What’s it like to do a PhD in Bioinformatics?
As a Bioinformatics PhD student, you’ll work with the latest software and become proficient with programming in R, Python and MATLAB. You’ll also gain extensive experience with techniques from statistics and data science, all of which will allow you to analyse data effectively.
Some typical research topics in Bioinformatics include:
- Genetic mapping
- Population dynamics
- Epidemiological modelling (modelling disease spread)
- Improving diagnosis through the development of an algorithm
- Using omic technology to study a disease state
- Modelling and predicting evolution
Most Bioinformatics programmes advertised projects with full funding attached. These projects have a pre-determined aim, but you can alter the project along the way to suit your interests.
Compared to other Biology programmes, there is more opportunity of proposing a project, though this remains uncommon. While the majority are advertised projects, some doctoral training programmes offer bioinformatics projects in a given area and leave you to propose the specifics of the project.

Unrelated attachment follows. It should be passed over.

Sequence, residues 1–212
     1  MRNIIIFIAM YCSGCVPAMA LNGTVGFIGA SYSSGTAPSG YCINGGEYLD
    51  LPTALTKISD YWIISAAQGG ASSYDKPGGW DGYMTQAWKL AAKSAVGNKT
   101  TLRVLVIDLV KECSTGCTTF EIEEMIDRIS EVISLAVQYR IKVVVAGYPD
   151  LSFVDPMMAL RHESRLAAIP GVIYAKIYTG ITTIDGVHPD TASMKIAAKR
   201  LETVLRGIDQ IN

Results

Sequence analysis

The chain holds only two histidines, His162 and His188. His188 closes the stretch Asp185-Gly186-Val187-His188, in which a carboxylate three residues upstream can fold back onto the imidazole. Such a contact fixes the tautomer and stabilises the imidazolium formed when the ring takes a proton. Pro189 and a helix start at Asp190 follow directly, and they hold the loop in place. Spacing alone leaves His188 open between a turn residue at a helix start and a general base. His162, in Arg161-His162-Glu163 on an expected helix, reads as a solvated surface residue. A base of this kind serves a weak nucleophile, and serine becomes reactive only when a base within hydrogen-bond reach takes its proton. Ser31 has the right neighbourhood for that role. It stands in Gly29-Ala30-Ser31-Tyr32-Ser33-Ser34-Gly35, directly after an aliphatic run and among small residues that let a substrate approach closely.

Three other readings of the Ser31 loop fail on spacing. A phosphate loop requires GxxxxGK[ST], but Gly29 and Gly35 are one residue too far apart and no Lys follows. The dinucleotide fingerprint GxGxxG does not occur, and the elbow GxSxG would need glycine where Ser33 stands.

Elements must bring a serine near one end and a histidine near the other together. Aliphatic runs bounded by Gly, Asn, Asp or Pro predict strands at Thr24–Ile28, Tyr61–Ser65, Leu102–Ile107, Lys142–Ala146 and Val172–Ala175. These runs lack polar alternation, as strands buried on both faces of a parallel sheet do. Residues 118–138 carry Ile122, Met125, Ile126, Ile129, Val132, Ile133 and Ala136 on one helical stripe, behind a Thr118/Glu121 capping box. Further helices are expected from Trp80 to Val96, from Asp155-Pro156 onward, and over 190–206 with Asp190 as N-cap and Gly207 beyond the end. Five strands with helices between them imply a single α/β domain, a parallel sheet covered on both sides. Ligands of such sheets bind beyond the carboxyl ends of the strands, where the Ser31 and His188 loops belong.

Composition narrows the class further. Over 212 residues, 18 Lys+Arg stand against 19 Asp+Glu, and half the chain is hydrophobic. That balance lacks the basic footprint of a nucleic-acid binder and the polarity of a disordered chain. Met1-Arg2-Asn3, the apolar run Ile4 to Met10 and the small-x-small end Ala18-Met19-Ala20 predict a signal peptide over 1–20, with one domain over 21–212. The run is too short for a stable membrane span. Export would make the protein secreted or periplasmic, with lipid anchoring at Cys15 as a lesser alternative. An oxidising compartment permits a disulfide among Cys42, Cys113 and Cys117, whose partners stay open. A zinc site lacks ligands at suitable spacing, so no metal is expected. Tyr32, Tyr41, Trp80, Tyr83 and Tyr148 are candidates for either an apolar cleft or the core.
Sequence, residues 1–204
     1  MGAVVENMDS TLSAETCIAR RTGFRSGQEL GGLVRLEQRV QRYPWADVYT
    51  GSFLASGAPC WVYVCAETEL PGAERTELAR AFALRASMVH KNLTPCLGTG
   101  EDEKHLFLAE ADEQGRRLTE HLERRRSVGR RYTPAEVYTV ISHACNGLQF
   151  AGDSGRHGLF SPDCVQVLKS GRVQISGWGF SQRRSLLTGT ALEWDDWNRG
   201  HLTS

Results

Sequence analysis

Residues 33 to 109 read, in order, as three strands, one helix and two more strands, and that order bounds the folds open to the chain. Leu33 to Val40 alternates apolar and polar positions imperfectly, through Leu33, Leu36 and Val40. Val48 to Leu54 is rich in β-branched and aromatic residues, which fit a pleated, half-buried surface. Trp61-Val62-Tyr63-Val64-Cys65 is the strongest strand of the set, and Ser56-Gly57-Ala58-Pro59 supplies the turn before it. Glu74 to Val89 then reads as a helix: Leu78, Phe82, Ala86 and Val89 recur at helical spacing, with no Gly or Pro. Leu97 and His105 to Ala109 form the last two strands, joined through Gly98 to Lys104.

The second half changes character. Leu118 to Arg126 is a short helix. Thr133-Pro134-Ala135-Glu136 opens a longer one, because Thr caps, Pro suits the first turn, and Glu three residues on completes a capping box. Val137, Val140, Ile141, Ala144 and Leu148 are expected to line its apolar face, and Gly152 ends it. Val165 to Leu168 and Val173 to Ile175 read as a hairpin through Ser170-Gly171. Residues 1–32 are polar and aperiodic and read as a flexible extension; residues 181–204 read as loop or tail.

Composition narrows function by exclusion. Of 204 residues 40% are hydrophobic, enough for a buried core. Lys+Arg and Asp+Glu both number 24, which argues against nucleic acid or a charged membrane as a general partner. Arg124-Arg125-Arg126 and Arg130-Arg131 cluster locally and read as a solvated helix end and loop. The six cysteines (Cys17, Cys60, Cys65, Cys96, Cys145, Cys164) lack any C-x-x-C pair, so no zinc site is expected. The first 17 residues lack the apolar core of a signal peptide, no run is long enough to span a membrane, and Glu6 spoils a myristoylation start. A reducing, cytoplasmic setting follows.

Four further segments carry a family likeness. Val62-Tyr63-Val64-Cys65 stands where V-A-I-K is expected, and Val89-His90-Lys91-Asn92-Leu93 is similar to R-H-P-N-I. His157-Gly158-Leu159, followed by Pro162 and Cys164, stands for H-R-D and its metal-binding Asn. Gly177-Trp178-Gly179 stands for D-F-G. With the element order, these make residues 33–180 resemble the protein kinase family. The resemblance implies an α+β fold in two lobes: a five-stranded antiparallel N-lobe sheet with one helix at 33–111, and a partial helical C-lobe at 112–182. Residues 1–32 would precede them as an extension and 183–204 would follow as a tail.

In a normal day you’ll be writing programmes to identify new features in the data, analysing results using statistics and data science methods and discussing your project with your supervisor and colleagues.
At the end of the three or four years you’ll complete a thesis of around 60,000 words, which will contribute to your field and you’ll defend it during your viva exam.